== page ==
Download

Full Document

FormatFile SizeNotes
PDF file 3 MB

Use Adobe Acrobat Reader version 10 or higher for the best experience.

Purchase

Purchase Print Copy

 FormatList Price Price
Add to Cart Paperback96 pages $25.00 $20.00 20% Web Discount

In this statistical analysis, the author analyzes the capital costs of 39 light water reactor power plants and provides a methodology for estimating these costs. Cost data are adjusted to constant dollars and then multivariate regression analyses are performed on three independent variables: time required to obtain a construction permit; construction time; and capital cost. Principal findings are: (1) Capital costs increased about $140 per kWe per year when corrected for the effect of other variables. (2) Plants built in the Northeastern United States cost about $130 per kWe more than those built elsewhere. (3) Cooling towers add about $90 per kWe to plant cost. (4) A strong cost-learning effect reduced costs to about 90 percent for each doubling of the number of plants built. (5) Costs decreased about $0.22 per kWe for each 1 mWe increase in plant size. Both the time required to obtain a construction permit and the construction time probably affect costs less than is popularly believed. Application of the study results to an assessment of the capital costs of new energy technologies is also discussed.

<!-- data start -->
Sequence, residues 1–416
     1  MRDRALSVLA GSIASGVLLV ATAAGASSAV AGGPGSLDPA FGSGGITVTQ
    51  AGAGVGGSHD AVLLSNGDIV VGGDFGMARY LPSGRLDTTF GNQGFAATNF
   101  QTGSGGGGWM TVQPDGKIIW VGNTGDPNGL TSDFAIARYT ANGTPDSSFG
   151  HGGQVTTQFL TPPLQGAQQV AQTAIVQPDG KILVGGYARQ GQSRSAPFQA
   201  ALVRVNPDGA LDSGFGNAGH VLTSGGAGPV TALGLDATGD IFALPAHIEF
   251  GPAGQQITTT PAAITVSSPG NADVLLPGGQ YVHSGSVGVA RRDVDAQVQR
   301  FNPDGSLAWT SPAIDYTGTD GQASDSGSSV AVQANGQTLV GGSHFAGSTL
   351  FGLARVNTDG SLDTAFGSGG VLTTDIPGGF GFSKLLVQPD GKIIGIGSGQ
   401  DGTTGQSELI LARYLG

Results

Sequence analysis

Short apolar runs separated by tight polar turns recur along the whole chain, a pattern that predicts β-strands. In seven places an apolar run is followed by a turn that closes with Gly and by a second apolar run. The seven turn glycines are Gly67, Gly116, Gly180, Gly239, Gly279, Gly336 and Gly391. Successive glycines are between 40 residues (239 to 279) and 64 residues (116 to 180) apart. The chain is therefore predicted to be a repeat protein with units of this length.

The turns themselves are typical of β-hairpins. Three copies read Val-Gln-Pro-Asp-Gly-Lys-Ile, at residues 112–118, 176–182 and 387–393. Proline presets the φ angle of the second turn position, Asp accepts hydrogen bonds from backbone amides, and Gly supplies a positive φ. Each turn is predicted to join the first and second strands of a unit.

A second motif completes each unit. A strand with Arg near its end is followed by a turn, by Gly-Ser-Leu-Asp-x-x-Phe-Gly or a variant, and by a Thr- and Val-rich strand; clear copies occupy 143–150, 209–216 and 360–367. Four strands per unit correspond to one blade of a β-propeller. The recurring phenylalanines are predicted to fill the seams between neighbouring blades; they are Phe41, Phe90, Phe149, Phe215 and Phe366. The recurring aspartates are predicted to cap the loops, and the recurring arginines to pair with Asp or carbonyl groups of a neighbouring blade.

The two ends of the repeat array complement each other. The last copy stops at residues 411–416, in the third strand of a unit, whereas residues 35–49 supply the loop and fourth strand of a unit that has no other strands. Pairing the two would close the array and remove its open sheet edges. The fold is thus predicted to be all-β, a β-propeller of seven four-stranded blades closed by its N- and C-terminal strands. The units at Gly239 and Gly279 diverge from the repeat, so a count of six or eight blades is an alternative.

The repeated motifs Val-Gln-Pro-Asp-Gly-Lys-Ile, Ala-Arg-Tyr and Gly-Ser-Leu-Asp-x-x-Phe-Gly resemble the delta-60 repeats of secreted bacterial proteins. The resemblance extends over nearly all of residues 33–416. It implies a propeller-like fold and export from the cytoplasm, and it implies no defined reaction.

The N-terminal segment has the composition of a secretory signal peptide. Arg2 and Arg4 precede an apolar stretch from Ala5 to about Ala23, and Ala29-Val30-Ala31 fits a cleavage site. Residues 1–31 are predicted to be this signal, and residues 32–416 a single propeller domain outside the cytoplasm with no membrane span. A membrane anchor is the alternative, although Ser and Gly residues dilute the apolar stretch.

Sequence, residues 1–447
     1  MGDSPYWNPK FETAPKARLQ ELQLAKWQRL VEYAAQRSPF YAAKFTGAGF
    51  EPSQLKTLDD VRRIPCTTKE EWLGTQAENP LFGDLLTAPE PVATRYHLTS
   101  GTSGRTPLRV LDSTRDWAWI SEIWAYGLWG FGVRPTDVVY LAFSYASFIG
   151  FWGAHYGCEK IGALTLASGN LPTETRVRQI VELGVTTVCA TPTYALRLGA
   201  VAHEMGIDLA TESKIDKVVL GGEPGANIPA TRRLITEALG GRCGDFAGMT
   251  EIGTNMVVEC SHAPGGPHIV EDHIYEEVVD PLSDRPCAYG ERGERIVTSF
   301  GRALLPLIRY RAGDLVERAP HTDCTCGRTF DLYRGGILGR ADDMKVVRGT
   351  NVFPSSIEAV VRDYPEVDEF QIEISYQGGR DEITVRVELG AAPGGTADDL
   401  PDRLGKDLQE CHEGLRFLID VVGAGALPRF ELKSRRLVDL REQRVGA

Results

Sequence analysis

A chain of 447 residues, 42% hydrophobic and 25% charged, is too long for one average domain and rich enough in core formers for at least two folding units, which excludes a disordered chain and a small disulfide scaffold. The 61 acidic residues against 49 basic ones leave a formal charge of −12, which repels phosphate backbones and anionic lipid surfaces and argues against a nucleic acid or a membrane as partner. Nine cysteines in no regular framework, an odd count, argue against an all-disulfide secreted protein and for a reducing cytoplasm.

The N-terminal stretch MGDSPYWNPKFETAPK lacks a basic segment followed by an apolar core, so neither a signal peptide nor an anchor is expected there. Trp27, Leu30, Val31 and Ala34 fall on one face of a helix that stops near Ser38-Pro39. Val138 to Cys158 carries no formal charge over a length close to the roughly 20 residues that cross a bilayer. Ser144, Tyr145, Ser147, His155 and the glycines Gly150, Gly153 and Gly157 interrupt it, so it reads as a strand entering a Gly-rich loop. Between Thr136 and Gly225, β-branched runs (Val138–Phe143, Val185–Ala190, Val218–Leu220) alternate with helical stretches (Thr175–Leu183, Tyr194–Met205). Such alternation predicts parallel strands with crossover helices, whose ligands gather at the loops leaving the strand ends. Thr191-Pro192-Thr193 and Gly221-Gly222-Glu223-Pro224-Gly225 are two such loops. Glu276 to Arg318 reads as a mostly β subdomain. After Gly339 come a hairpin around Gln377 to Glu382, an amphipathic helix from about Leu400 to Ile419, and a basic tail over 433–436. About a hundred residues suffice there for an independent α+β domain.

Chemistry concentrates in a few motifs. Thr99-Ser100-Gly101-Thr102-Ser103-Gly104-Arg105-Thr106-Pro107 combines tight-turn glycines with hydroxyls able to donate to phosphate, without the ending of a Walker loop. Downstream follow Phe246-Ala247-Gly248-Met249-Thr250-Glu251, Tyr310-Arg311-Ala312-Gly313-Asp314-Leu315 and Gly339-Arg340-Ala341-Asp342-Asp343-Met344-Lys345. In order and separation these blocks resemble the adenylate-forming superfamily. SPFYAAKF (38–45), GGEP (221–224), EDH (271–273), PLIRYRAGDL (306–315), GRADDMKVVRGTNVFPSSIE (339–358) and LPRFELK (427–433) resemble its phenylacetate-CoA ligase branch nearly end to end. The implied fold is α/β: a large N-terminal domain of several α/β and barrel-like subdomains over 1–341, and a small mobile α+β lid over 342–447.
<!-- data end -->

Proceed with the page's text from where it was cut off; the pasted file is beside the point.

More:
This report is part of the RAND Corporation report series. The report was a product of the RAND Corporation from 1948 to 1993 that represented the principal publication documenting and transmitting RAND's major research findings and final research.

Permission is given to duplicate this electronic document for personal use only, as long as it is unaltered and complete. Copies may not be duplicated for commercial purposes. Unauthorized posting of RAND PDFs to a non-RAND Web site is prohibited. RAND PDFs are protected under copyright law. For information on reprint and linking permissions, please visit the RAND Permissions page.

The RAND Corporation is a nonprofit institution that helps improve policy and decisionmaking through research and analysis. RAND's publications do not necessarily reflect the opinions of its research clients and sponsors.